Special Delivery

July 08, 2016

I've finally had a few minutes to collect myself after the past week of Babygeddon 2016, so I thought I'd write my thoughts down (mainly for my own records, but still fun to share.) Here's how everything went down:

Wendy and I went in for a non-stress-test on Friday 7/1 at 1pm. After the test, we had to have a further ultra-sound, which showed that Wendy's amniotic fluid was low, so they admitted us immediately. The doctors wanted to immediately induce labor using an epidural and pitocin, which we didn't want to do, as our intention was to have a completely natural birth, without the use of pain medication. Wendy has negative reactions to most pain meds, so we elected to go with a balloon catheter, which I leave to the reader to look up for details if desired. It was setup at roughly 4:15pm and was removed at 11:20pm.

After a full night and morning with no particular signs of labor, other than very manageable contractions, the docs insisted that we started a pitocin drip. That began on 7/2 at 8am and was slowly increased over the course of the day until 4pm, when the OB's decided it was time to get things going further.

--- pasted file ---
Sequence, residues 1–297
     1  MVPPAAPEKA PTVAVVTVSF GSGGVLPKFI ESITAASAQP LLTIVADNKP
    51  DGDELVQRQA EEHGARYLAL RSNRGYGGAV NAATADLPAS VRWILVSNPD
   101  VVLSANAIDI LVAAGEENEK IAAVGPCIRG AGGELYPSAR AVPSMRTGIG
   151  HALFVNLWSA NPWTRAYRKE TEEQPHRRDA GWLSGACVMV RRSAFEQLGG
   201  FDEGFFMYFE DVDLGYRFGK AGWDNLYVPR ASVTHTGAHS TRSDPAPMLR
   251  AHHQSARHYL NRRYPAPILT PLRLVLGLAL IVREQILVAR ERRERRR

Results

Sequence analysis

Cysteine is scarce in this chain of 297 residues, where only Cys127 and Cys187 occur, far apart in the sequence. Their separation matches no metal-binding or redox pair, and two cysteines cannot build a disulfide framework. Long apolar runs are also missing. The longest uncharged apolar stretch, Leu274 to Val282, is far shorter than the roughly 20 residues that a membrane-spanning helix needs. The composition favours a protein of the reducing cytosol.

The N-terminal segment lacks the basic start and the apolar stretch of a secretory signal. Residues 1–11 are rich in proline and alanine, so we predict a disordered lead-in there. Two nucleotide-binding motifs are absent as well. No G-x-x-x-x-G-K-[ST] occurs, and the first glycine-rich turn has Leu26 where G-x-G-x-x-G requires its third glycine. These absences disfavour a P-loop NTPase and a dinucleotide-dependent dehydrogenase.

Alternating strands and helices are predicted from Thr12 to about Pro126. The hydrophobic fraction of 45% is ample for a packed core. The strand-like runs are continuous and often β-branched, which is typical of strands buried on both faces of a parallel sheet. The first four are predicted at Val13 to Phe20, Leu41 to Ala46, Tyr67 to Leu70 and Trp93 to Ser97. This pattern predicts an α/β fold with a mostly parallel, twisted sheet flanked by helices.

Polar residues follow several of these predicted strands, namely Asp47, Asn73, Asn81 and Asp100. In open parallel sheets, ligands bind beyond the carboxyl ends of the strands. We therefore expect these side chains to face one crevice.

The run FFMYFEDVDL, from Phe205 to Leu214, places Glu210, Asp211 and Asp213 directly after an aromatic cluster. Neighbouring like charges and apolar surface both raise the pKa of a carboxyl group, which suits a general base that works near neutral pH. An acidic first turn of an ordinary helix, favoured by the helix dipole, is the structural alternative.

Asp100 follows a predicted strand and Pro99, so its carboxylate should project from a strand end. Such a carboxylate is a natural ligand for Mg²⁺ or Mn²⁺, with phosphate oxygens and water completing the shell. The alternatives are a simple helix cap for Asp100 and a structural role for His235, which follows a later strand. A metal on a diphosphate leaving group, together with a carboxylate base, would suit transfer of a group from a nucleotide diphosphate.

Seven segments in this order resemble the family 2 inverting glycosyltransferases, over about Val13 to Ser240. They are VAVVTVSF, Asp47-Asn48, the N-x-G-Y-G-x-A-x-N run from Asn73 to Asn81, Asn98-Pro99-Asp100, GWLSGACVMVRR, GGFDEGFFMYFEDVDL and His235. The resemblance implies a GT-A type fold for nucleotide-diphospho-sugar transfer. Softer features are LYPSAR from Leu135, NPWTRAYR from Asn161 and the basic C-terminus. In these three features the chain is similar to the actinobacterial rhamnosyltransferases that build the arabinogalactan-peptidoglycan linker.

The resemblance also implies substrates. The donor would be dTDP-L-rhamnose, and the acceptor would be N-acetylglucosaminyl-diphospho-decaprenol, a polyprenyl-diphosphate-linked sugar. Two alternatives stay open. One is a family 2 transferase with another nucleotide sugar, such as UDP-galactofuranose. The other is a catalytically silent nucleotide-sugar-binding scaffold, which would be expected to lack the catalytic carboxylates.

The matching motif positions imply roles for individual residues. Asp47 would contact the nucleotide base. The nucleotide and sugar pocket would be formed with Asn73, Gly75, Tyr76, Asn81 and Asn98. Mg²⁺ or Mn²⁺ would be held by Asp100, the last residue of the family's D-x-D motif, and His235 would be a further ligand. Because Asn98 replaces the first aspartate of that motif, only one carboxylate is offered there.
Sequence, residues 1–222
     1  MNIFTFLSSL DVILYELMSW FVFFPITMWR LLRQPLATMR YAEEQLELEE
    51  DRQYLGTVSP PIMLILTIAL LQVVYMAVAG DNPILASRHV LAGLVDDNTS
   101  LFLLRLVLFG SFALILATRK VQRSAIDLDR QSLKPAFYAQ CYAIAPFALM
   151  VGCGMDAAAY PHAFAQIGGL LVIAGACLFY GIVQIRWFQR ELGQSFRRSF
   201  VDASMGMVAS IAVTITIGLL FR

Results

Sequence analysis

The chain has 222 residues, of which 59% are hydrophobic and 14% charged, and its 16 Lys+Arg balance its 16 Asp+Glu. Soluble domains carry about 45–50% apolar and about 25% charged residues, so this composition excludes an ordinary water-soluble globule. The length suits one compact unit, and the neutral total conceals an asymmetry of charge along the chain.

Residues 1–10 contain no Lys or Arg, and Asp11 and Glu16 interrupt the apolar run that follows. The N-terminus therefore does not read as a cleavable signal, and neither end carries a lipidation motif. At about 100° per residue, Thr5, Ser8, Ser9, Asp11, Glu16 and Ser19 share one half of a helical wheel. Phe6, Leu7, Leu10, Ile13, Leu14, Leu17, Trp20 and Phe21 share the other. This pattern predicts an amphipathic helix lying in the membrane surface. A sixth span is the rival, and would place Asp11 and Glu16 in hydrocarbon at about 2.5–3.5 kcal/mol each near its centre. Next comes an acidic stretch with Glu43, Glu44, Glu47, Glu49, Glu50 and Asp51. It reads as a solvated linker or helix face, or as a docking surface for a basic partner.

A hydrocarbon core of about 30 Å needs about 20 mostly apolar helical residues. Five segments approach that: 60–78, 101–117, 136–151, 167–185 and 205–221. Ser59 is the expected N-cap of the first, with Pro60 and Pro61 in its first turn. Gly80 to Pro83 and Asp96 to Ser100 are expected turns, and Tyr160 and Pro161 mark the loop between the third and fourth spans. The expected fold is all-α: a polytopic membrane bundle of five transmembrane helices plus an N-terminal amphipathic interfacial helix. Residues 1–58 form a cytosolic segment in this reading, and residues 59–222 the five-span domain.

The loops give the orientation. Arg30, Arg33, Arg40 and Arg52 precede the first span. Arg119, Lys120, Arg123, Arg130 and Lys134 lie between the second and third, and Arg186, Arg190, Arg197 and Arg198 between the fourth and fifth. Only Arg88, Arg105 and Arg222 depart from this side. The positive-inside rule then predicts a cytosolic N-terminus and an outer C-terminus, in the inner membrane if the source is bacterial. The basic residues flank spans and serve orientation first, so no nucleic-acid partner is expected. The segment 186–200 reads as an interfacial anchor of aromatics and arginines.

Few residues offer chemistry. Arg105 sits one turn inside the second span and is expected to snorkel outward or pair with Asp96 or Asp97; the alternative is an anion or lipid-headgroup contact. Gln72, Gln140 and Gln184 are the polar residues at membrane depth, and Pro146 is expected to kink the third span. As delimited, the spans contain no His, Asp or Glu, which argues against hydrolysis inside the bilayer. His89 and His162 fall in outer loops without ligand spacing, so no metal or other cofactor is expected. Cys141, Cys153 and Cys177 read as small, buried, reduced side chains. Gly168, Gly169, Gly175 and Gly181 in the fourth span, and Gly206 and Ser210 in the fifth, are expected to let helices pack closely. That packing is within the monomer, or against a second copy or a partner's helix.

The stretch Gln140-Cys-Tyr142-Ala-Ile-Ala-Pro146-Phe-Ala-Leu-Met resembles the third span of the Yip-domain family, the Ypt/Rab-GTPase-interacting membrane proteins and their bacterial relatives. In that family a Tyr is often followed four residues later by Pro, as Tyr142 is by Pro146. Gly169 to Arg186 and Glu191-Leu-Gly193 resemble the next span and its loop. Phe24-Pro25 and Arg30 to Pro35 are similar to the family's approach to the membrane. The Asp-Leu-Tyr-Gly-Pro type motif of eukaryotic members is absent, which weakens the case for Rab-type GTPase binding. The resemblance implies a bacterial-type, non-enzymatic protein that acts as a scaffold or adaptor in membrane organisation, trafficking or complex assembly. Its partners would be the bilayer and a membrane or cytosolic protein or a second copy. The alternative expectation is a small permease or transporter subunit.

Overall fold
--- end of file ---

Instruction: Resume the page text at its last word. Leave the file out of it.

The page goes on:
I'm not a particularly superstitious kind of person, and I have very little faith in things that aren't provable in scientific fashion, but I fell asleep around 11am on for a 15 minute power nap and had the strangest dream. I was holding the baby and looked over at the clock, which said 5:30. After I woke up, I told a few folks about the dream, but then noted that clock was set to military time (24 hour clock), so obviously I was just having a case of wishful dreaming. Anyway...

Wendy's water was broken by the doctors at 4pm, and that's when things really started to pick up. Full on contractions started at 5pm, and things moved along until about 95% ready for birth at about midnight. Wendy is truly the most pain tolerant person I know - she rocked through the entire thing without any pain relief. While I have no way to personally gauge the pain that she was coping with, I can say with some amount of certainty that it's at the very top of the scale of things that happen to humans before they pass out.